The Man Who Sold The World – David Bowie

1970 – Mercury

Rock/ Hard-Rock/ Glam-Rock


The third album from giant of the recording industry David Bowie is a distinct shift from the earlier folk tinged works of Space Oddity and the later experiments of Hunky Dory with a solid move towards the hard-rock and heavy-metal genres. Kicking off with the electrifying guitar epic Width Of A Circle one can instantly hear the power end energy with which the king of glam-rock has injected his new music. The bass guitars are fuzzy and sound as heavy as a bag of bricks, the drums crash and boom, the lead guitar slices throught the mix like a razor, and Bowie’s strangled vocals wrench out a form of innate confidence and sexuality that can’t be topped. As an opening track Width Of A Cirlce is really quite hard to beat, and I’ve got to say that the rest of the record lives up to this high standard set so early on.

She Shook Me Cold, Black Country Rock, and The Supermen are all full of such snarl and danger that it really gets the heart racing and the blood pumping with their driving bass lines and roaring guitar riffs, but the real glory of this record doesn’t lie merely in the power of it, but rather the intelligence with which it is approached. I mean, Bowie’s status as one of the more intelligent and artistic rock and roll icons is not really something that needs to be debated, but with The Man Who Sold The World his skill and intricacies come bubbling to the surface like they had never before on previous releases. With the pretenses of his folky poetry dropped Bowie is finally able to really focus on the futurism inherent in his driving sound. There is just something so otherworldly about this record in the way that it layers riff atop riff and Bowie’s vocals (no longer a bad Anthony Newly impersonation) and lyrics wrench the listener away from what they have long belived to be the tradtions of rock music. I mean, the way a track like Black Country Rock plays the blues is like nothing The Stones or Beatles had attempted with its bass throbbing out more of a morse code single than an actual progression and the vocals jumping from laconic drawl to parrot squawk in an imperceptible instant is all at once incredible disconcerting to the trained rock enthusiast, but also just so damned excitingly rock ‘n’ roll.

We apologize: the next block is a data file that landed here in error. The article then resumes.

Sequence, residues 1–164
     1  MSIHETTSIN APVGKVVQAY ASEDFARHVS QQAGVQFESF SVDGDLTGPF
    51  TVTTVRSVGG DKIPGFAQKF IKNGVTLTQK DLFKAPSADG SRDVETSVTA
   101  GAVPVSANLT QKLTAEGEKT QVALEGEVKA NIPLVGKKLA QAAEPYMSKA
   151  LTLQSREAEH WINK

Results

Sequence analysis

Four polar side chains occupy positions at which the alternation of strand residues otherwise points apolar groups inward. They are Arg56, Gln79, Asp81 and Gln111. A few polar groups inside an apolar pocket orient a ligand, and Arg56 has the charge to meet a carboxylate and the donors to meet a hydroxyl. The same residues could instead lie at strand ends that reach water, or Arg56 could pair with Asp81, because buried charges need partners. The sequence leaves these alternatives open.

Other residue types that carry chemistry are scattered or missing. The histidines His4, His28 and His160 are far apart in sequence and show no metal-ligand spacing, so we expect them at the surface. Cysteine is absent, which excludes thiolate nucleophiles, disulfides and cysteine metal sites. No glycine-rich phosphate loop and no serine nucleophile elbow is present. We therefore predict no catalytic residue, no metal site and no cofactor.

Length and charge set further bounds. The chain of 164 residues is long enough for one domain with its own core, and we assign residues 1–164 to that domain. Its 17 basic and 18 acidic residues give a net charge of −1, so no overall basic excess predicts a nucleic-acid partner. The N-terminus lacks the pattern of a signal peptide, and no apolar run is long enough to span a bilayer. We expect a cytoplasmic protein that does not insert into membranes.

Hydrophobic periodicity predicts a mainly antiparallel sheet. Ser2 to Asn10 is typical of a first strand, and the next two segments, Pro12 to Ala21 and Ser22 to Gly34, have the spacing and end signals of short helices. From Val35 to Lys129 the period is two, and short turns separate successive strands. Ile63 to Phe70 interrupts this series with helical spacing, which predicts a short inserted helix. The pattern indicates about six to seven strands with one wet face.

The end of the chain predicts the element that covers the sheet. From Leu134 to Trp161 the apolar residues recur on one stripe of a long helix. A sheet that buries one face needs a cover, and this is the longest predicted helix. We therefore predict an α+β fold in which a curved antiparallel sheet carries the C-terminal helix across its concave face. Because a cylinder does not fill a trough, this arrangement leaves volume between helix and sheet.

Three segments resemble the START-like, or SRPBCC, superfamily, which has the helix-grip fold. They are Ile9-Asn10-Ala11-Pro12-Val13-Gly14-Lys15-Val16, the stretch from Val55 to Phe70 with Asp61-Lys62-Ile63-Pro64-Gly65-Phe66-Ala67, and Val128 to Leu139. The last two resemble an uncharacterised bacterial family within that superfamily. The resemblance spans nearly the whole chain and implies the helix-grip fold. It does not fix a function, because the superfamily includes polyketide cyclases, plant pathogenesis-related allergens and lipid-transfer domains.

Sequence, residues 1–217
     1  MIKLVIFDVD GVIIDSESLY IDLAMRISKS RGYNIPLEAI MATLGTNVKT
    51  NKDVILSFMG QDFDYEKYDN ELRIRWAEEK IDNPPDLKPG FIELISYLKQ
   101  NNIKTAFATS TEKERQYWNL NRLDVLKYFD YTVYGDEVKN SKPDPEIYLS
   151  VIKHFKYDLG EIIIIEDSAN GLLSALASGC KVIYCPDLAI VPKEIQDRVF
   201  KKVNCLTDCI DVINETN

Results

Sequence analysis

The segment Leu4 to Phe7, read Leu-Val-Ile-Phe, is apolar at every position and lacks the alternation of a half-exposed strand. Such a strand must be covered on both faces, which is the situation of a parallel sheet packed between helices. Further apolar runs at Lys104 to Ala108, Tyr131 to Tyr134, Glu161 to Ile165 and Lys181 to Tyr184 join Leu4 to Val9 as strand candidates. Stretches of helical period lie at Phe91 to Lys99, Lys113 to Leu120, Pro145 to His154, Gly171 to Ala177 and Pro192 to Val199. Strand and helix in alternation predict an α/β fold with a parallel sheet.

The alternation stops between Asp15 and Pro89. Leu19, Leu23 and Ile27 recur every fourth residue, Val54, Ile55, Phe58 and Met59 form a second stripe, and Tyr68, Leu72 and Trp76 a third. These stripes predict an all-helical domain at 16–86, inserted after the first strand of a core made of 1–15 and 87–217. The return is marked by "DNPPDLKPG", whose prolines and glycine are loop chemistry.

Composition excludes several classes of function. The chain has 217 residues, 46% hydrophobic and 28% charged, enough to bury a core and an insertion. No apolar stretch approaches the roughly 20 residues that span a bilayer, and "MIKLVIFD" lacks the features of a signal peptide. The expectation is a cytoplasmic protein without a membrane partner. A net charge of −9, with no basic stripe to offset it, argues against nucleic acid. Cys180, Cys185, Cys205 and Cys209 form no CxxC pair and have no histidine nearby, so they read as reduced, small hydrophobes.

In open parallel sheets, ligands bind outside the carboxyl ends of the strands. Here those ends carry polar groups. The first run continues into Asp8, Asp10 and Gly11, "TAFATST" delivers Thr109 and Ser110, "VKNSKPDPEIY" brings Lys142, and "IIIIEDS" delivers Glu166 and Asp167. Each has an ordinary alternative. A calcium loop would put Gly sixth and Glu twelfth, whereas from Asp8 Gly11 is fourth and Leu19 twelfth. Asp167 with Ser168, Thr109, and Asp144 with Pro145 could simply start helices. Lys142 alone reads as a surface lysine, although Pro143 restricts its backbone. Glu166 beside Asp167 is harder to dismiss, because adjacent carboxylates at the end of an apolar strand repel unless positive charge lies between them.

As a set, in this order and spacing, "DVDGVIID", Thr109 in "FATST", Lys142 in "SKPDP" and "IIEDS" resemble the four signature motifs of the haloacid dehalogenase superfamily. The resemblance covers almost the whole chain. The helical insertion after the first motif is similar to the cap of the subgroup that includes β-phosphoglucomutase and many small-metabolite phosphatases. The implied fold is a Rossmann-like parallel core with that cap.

This being said, at points Bowie’s knowing hints of genius do get carried away. After All, for example, forces the record to lose a lot of momentum for really no purpose. It’s wobbly guitars and floating synth lines are somewhat interesting, but really this track just doesn’t seem to make a whole lot of sense in the middle of an album that is so relentlessly pounding.

Another issue is that thematically The Man Who Sold The World is a bit of a mess. There are some very strong themes drifting around in the mix, but the problem is that there are just too many of them. One moment it’s pure rock and roll and the next Running Gun Blues is getting politcally motivated and then the space age religiosity of Saviour Machine, really, far to much is asked of the listener in trying to decode this record and when they finally do the pieces of the puzzle just don’t quite fit. I suppose, however, it is to be expected that the work preceding the literary Hunky Dory and Ziggy Stardust albums doesn’t quite have the same thematic polish on it, but still it does irritate somewhat that it is such a muddle of themes and ideas.

Overall, however, I’ve got to say that The Man Who Sold The World is an outstanding record. It’s just so musically exciting and interesting that you can’t really find too much fault in its small failings, it just makes up for them tenfold with all of the pros that are to be found. Truly I would recommend this one as a welcome addition for the collection of anyone who is serious about records.



2 thoughts on “The Man Who Sold The World – David Bowie

  1. Pingback: Outside – David Bowie | Lachlan J. Faces The Music

  2. Pingback: The Rise And Fall Of Ziggy Stardust And The Spiders From Mars – David Bowie | Lachlan J. Faces The Music

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